in Collaborations | 20 FEB 22

Diante Singley Wins the Deutsche Bank Frieze Los Angeles Film Award 2022

The emerging filmmaker's portrait of youth on the brink of change was lauded by likes of artist Kehinde Wiley, while Adham Elnashai’s exploration of cultural difference won the Audience Award

in Collaborations | 20 FEB 22

Now in its third year, the Deutsche Bank Frieze Los Angeles Film Award provides a platform and development program for emerging Los Angeles-based filmmakers in partnership with Endeavor Content and Ghetto Film School.

DB film award
Diante Singley, Greyhound, 2021. Film Still

This year the ten participating fellows were asked to create films that responded to the theme of ‘Facing Change’. The concept resonates with Los Angeles itself, as a city that continues to transform rapidly,  as well as broader global changes from those wrought by the pandemic to global climate. ‘This year’s theme is one that every one of us can relate to,’ said Deutsche Bank’s Claudio de Sanctis, Global Head of the International Private Bank and CEO of EMEA. ‘I want to send my congratulations to each and every one of this year’s fellows’, de Sanctis continued, ‘who produced a selection of moving and inspiring short films of which they can all be very proud.’

DB film award
Adham Elnashai, Rahma, 2021. Film Still 

Diante Singley was awarded the $10,000 prize by a jury of art and entertainment industry figures including Christine Y. Kim, Britton Family Curator-at-Large for North America at London’s Tate Modern; filmmaker Julius Onah; and artist Kehinde Wiley; alongside Head of International Private Bank, CEO EMEA, Deutsche Bank Claudio de Sanctis and Ghetto Film School’s Chief Strategy and Partnership Officer, Sharese Bullock-Bailey.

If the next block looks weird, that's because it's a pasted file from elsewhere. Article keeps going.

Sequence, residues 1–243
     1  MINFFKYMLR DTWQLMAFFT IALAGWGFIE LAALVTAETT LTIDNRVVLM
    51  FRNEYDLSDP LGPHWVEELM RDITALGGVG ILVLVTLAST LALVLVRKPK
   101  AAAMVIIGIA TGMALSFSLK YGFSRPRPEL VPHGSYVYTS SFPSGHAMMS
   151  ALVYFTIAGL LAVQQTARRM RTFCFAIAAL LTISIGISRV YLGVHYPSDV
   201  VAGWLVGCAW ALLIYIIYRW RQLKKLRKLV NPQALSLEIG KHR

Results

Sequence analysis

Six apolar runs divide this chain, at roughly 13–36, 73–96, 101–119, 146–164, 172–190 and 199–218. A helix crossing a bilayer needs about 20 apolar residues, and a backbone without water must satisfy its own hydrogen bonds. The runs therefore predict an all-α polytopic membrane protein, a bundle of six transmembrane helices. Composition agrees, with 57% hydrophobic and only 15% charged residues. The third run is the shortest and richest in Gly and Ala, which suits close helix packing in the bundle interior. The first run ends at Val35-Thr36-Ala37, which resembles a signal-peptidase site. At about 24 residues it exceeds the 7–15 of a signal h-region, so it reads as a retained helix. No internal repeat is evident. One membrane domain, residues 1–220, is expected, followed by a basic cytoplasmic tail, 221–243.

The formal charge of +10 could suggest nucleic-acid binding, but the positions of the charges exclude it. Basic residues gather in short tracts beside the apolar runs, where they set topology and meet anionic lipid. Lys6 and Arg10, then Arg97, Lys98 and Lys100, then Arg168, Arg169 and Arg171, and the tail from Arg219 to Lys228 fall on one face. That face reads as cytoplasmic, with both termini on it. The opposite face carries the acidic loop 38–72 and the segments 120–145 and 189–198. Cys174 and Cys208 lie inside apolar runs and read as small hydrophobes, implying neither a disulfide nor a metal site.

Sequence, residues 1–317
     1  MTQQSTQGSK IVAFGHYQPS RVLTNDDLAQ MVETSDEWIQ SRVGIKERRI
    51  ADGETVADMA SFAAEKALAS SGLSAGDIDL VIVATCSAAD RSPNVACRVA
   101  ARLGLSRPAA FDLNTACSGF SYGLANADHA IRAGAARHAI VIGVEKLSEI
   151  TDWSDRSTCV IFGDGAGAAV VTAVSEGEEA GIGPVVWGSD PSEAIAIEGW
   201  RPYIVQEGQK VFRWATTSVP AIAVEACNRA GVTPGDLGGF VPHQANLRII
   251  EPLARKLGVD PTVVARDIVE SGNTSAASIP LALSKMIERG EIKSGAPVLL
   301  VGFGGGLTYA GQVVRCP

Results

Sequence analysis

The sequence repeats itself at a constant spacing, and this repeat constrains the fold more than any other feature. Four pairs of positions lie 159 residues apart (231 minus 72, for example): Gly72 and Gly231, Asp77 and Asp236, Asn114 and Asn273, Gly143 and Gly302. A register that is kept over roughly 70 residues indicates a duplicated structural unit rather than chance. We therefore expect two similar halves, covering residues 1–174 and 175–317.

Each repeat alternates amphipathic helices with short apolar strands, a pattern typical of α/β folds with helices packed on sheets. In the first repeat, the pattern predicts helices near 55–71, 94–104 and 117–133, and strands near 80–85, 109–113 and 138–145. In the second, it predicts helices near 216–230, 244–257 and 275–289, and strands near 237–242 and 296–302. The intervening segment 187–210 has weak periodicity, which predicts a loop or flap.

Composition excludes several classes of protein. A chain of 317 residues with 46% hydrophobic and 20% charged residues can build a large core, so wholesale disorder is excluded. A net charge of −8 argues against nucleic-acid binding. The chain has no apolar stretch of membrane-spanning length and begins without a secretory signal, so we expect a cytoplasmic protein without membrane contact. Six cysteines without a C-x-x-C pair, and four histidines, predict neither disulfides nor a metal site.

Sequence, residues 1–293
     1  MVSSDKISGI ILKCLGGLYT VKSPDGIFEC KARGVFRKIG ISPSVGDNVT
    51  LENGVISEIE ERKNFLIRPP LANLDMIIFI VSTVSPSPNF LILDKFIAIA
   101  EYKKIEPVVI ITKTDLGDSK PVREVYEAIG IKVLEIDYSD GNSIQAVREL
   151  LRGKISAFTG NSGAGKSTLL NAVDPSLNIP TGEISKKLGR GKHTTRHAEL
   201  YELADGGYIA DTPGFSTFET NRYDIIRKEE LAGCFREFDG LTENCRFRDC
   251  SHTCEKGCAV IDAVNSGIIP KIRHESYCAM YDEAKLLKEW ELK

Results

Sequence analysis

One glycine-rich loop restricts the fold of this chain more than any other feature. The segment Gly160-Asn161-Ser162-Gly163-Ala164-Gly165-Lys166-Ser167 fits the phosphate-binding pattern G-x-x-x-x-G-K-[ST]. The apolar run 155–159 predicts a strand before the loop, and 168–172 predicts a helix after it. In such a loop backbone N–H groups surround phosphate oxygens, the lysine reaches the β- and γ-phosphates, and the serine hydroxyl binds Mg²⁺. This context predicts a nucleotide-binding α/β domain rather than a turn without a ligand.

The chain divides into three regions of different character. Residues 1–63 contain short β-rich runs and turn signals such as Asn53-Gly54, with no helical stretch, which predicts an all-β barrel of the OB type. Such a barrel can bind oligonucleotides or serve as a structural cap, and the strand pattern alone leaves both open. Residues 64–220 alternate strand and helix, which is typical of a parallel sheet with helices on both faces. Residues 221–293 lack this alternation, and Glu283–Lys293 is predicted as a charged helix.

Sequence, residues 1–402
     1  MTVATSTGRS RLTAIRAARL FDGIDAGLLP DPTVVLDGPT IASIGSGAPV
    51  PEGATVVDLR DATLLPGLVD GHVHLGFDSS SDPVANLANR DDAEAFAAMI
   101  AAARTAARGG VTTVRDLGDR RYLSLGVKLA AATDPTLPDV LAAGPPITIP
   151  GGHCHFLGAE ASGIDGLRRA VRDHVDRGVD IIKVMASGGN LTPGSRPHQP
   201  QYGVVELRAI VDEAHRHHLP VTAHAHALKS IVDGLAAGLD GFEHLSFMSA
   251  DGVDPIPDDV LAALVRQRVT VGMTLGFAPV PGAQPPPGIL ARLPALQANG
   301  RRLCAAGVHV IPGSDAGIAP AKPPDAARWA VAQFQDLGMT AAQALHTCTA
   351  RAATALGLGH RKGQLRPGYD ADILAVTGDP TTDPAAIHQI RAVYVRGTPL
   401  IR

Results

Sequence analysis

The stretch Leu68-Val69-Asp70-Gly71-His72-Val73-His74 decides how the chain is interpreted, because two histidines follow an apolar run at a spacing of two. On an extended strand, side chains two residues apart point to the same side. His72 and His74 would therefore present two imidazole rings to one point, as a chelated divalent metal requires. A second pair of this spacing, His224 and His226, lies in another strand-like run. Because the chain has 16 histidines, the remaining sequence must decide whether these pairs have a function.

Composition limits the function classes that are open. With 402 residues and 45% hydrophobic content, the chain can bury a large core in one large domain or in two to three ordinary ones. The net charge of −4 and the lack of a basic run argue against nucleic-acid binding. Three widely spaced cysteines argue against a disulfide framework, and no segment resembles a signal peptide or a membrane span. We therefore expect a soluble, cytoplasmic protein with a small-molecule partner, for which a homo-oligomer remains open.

Singley’s film Greyhound focuses on a young man who prepares to depart from his home and community before his freshman year of college. Raised in Cairo and based in Los Angeles, Adham Elnashai was awarded the initiative’s second Audience Award for his film Rahma. The subject of his film is a young Egyptian woman who struggles with the conservative lifestyle and expectations of her father after moving to Los Angeles, exploring tensions between respective cultural, social and religious values.

Bullock-Bailey described this and preceding year’s cohorts as ‘extraordinary’, praising their ‘efforts in storytelling and collaboration during unprecedented times.’ ‘It is no small feat’, she added, ‘to have supported 30 artists and the creation of 30 unique short films in 3 years, yet it has been nothing short of a success and we look forward to continuing forward with this remarkable program.’ 

Watch the winning shorts and all the fellows films here